DALLAS — Mexican-American stroke survivors with a heart rhythm disorder have more than twice the risk for another stroke compared to non-Hispanic whites, according to a study published in Stroke: Journal of the American Heart Association.
Mexican-Americans’ recurrent strokes are also more likely to be severe, though they don’t have a greater risk of death after stroke, researchers said.
Researchers compared 88 Mexican-American and 148 non-Hispanic white stroke survivors who had atrial fibrillation, a disorder in which the heart’s upper chambers (called the atria) beat irregularly and don’t pump blood effectively, possibly causing blood to pool within the atria and blood clot formation in the heart.
They found that the likelihood of suffering another stroke during the study follow-up period was more than double for Mexican-Americans than for non-Hispanic whites. Although stroke recurrence was higher and strokes were more severe among Mexican-Americans, death rates didn’t differ between the two groups.
“Based on some of our prior research, we were not necessarily surprised by the higher recurrence risk in Mexican-Americans with atrial fibrillation, but the greater severity of recurrent strokes in Mexican-Americans was surprising,” says study lead author Darin B. Zahuranec, M.D., an assistant professor of neurology at the University of Michigan Cardiovascular Center in Ann Arbor.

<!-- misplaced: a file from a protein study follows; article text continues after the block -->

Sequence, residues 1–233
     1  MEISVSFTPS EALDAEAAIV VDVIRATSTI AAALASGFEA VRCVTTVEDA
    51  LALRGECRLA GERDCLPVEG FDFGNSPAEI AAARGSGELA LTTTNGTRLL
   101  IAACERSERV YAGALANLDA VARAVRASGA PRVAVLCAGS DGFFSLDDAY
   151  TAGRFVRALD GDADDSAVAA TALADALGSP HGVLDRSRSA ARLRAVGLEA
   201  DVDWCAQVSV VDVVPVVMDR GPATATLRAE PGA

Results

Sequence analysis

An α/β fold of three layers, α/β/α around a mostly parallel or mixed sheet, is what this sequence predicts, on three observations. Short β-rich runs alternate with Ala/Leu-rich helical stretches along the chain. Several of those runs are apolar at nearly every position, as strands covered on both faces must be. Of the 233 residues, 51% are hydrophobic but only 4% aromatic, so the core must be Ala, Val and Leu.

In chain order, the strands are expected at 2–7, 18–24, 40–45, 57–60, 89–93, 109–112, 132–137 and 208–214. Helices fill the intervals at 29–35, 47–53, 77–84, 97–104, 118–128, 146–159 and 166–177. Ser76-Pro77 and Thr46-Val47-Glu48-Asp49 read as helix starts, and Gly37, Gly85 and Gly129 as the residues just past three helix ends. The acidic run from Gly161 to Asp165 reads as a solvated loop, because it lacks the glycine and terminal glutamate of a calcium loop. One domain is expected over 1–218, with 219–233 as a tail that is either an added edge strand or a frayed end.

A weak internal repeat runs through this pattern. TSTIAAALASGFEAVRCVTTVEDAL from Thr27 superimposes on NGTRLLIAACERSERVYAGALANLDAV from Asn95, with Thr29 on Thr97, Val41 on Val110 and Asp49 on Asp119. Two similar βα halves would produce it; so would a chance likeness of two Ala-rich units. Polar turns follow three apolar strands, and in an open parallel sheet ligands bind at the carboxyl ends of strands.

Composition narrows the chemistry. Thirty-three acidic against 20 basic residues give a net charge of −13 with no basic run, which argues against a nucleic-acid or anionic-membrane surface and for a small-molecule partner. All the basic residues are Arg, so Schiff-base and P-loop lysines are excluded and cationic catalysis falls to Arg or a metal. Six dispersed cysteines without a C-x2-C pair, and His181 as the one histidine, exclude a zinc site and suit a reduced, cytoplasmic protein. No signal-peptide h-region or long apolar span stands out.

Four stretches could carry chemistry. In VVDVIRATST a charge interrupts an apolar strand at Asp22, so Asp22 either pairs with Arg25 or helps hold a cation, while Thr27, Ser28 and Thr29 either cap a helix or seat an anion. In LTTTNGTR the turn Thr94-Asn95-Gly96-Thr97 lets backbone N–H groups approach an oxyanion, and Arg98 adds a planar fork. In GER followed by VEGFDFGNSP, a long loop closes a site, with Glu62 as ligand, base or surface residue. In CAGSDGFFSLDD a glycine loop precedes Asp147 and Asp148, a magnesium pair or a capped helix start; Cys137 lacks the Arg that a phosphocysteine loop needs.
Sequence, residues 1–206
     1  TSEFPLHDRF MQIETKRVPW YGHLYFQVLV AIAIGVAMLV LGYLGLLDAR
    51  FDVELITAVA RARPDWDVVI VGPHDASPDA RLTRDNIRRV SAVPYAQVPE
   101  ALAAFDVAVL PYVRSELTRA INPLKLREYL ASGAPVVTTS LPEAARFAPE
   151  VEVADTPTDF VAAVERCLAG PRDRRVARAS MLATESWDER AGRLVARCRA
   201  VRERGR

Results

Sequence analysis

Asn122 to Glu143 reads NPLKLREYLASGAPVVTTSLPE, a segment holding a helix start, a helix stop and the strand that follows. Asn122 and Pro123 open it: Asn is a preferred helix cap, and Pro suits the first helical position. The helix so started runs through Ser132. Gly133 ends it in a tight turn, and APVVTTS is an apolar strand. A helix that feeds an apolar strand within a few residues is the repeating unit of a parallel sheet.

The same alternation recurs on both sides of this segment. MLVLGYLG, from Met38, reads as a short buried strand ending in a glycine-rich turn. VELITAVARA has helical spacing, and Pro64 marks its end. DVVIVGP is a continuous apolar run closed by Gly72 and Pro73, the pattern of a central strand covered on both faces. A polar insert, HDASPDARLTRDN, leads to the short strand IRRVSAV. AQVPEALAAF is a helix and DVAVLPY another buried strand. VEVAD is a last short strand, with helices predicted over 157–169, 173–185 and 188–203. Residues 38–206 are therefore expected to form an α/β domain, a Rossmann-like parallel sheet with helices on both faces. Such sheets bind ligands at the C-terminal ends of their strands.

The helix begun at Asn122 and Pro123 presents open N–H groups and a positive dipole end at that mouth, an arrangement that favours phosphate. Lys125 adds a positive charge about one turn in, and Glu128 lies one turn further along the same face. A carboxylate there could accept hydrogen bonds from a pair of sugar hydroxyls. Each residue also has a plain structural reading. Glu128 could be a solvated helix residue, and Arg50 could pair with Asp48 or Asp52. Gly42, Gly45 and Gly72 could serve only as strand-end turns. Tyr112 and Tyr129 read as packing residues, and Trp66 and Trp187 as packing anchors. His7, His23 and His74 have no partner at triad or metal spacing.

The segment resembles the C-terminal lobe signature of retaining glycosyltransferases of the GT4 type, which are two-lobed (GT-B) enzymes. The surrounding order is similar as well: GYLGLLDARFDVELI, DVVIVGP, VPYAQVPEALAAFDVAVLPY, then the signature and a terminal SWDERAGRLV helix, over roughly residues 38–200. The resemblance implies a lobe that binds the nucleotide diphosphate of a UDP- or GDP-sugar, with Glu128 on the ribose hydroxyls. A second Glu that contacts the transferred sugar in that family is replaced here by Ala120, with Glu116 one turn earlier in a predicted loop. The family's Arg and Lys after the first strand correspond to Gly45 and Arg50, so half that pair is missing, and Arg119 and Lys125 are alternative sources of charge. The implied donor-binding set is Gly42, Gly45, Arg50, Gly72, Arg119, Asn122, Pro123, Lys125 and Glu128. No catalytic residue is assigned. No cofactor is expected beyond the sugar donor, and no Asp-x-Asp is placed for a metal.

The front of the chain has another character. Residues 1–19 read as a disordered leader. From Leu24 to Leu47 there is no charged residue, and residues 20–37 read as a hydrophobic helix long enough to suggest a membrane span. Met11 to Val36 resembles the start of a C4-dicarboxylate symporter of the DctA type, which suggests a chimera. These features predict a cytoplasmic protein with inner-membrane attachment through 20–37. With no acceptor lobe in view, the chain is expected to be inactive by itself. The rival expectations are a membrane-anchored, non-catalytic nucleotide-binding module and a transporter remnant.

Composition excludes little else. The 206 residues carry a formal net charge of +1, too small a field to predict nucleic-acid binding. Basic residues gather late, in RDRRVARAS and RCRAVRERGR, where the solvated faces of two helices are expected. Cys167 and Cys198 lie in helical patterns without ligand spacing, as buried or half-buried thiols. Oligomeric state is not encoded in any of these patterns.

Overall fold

Results are based on cases of ischemic stroke and transient ischemic attack from the Brain Attack Surveillance in Corpus Christi Project, a population-based stroke surveillance study. The data were collected between January 2000 and June 2008. Corpus Christi has a large Mexican-American population and is located along the Gulf coast of Texas.
The study also showed that Mexican-American patients were younger, less likely to have completed 12 years of education, more likely to have diabetes, and less likely to have a primary care physician. Researchers found no ethnic differences between the two groups in the severity of the first stroke.
Nineteen Mexican-Americans and 14 non-Hispanic whites had at least one recurrent stroke over a median follow-up of 427.5 days; all but one event was an ischemic stroke (one Mexican-American patient experienced intracerebral hemorrhage).
One reason for the difference could be that the management of warfarin — a blood thinning drug — among Mexican-Americans may not be optimal, Zahuranec says. However, the study found no ethnic difference in the proportion of patients who were prescribed warfarin at hospital discharge. They did not evaluate data looking at outpatient use of warfarin after hospital discharge which might have contributed to the increased risk of stroke in Mexican-Americans.
Atrial fibrillation affects approximately 2.2 million Americans; about 15 percent of strokes occur among individuals with atrial fibrillation.
Co-authors: J.R. Simpson, M.D.; L.D Lisabeth, Ph.D., U-M School of Public Health; B.N. Sánchez, Ph.D.; L.E. Skolarus M.D.; J.E. Mendizabal, M.D.; M.A. Smith, DrPH; N.M. Garcia, B.S.; and L.B. Morgenstern, M.D., professor of neurology and director of the U-M Stroke Program.
Funding: National Institutes of Health.
Press release courtesy of the American Heart Association.
Media contact: Shantell Kirkendoll